- Tom Terrific
- November 17, 1944
- 6' 1"
- 195 lbs
- Major League Debut:
- 4-13-1967 with NYN
- Allstar Selections:
- 1967 ROOK, 1969 CY, 1969 TSN, 1973 CY, 1975 CY, 1975 TSN
- Hall of Fame:
The 1967 National League Rookie of the Year, Tom Seaver became the best player in New York Mets' history, and he was the lone superstar on the miracle 1969 World Series championship team. Driving his arm forward with his powerful leg thrust, Seaver led the league in strikeouts five times and won three Cy Young Awards on his way to more than 300 wins and 3,600 K's.
"Seaver's getting old. You don't take anything away from him because he's a helluva pitcher and he was great in the past, but past years are past history." — Houston pitcher J.R. Richard, after the Astros defeated Seaver on April 16, 1978. Seaver would post a 2.88 ERA in 1978, while Richard would finish at 3.11
In 1966 the Atlanta Braves lost their claim to Seaver and he was made a free agent. Any team willing to match Atlanta's $40,000 offer could get in on the Seaver war. After three teams: Cleveland, Philadelphia, and the Mets, matched the offer, the commissioner's office drew a team out of a hat. The Mets were the lucky winners of this odd lottery.
He had a lot of great seasons. In 1971 he had an ERA of 1.76 (half the league average), struck out 289 batters in 286 innings, won 20 games, and threw four shutouts. He pitched 21 complete games and allowed just 210 hits. He finished 2nd to Fergie Jenkins in Cy Young voting. It was a case of the voters giving the award to the pitcher with more (24) wins.
In 1972, Tom Seaver (a career .154 hitter) produced seven extra-base hits, including three home runs, yet he had just four RBI.
Signed as a non-drafted free agent by New York Mets (April 3, 1966); Traded by New York Mets to Cincinnati Reds in exchange for Pat Zachry, Doug Flynn, Steve Henderson and Dan Norman (June 15, 1977); Traded by Cincinnati Reds to New York Mets in exchange for Charlie Puleo, Lloyd McClendon and Jason Felice (December 16, 1982); Selected by Chicago White Sox from New York Mets in the player compensation pool draft (January 20, 1984); Traded by Chicago White Sox to Boston Red Sox in exchange for Steve Lyons (June 29, 1986); Granted free agency (November 12, 1986).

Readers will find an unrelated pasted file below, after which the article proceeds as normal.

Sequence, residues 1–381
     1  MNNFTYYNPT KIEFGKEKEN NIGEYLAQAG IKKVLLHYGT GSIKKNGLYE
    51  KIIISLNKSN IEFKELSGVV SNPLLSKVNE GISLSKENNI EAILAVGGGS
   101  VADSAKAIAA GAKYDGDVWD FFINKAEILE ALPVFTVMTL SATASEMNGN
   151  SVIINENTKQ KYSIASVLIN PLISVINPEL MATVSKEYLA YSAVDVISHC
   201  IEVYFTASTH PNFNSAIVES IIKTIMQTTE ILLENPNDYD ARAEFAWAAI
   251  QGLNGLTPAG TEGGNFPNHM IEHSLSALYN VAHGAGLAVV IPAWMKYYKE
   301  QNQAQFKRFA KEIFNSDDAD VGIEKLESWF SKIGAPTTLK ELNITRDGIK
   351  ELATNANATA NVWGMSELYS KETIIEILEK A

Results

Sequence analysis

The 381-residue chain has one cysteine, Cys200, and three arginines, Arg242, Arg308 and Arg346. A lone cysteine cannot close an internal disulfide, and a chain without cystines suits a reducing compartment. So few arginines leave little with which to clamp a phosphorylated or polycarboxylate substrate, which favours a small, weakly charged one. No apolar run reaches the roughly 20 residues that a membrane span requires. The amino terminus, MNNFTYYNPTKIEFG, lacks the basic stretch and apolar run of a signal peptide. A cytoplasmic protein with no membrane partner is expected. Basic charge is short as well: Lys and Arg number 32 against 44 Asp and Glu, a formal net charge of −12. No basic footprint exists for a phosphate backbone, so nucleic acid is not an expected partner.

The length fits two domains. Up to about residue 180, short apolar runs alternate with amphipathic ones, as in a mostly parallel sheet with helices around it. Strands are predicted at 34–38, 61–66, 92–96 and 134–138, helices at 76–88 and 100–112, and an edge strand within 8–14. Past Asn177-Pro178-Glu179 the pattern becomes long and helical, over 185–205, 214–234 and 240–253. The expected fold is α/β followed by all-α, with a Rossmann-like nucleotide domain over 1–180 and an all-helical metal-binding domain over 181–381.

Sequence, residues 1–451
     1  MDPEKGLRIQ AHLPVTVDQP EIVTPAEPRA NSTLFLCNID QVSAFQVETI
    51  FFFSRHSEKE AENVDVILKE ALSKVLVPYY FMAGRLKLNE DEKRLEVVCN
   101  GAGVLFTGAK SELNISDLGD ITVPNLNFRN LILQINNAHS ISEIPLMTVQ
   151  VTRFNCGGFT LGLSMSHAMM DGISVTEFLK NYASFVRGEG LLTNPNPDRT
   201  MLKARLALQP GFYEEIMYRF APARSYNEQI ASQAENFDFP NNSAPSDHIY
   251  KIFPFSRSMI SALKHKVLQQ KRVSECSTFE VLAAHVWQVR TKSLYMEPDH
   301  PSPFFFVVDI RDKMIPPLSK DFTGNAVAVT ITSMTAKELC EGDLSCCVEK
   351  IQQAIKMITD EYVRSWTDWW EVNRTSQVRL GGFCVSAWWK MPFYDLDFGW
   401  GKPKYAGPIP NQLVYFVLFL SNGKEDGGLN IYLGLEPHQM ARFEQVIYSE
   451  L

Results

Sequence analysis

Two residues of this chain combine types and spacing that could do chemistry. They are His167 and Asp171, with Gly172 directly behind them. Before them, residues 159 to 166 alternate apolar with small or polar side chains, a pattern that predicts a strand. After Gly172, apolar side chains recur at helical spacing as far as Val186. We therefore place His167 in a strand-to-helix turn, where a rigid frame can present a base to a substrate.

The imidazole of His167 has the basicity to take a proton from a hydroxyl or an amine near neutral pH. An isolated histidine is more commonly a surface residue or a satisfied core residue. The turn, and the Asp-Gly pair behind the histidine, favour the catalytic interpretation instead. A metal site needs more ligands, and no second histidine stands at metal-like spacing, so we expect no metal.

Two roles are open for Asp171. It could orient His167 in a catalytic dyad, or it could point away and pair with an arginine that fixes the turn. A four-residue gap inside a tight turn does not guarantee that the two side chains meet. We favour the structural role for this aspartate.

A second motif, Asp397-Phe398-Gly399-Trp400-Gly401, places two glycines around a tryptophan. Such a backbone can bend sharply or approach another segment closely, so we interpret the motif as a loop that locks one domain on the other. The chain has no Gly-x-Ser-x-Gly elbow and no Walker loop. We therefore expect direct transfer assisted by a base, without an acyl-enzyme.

Control. Despite his great velocity, Seaver walked fewer than three batters per nine innings in his career.
I guess you could say he was a bad hitter. But he was such an amazing pitcher, it didn't really matter.
On April 22, 1970, Seaver struck out 19 in a win over the San Diego Padres, including a record 10 in a row to end the game, to tie the then-ML record for a nine-inning game. The record was shared by Steve Carlton... Threw no-hitter for the Reds on June 10, 1978... From 1968 to 1976, Seaver fanned at least 200 batters each season. He was the first pitcher to have 10 200-K seasons. Former teammate Nolan Ryan broke that mark, reaching 200 K's 15 times. In 2001 Roger Clemens recorded his 11th 200-K campaign.
On April 18, 1981, Seaver fanned Keith Hernandez of the Cardinals for strikeout #3,000 in his career. Seaver became the fifth pitcher to reach that milestone... On August 4, 1985, Seaver notched his 300th victory, beating the Yankees 4-1, at Yankee Stadium. On the same day, Rod Carew collected his 3,000th career hit.
Struck by The Strike
Seaver had a great season for the Reds in 1981, but unfortunately the player's strike stung both he and his team. Seaver went 14-2 with a 2.54 ERA, leading the league in wins. But he finished three points behind Fernando Valenzuela in NL CY Young balloting. The Reds fared even worse: posting the best won-loss mark in baseball but failing to make the post-season due to the split-season format.
On May 19, 2008, Jon Lester of the Boston Red Sox hurls a no ...
On May 19, 1981, Pittsburgh Pirates starter Jim Bibby narrow ...
On May 19, 1970, the lawsuit filed by former St. Louis Cardi ...
- 1969 World Series, 1973 NLCS, 1973 World Series, 300 wins, All-Star, Baseball History, Chicago White Sox, Cincinnati Reds, Cy Young Award, New York Mets, Steve Carlton, Tom Seaver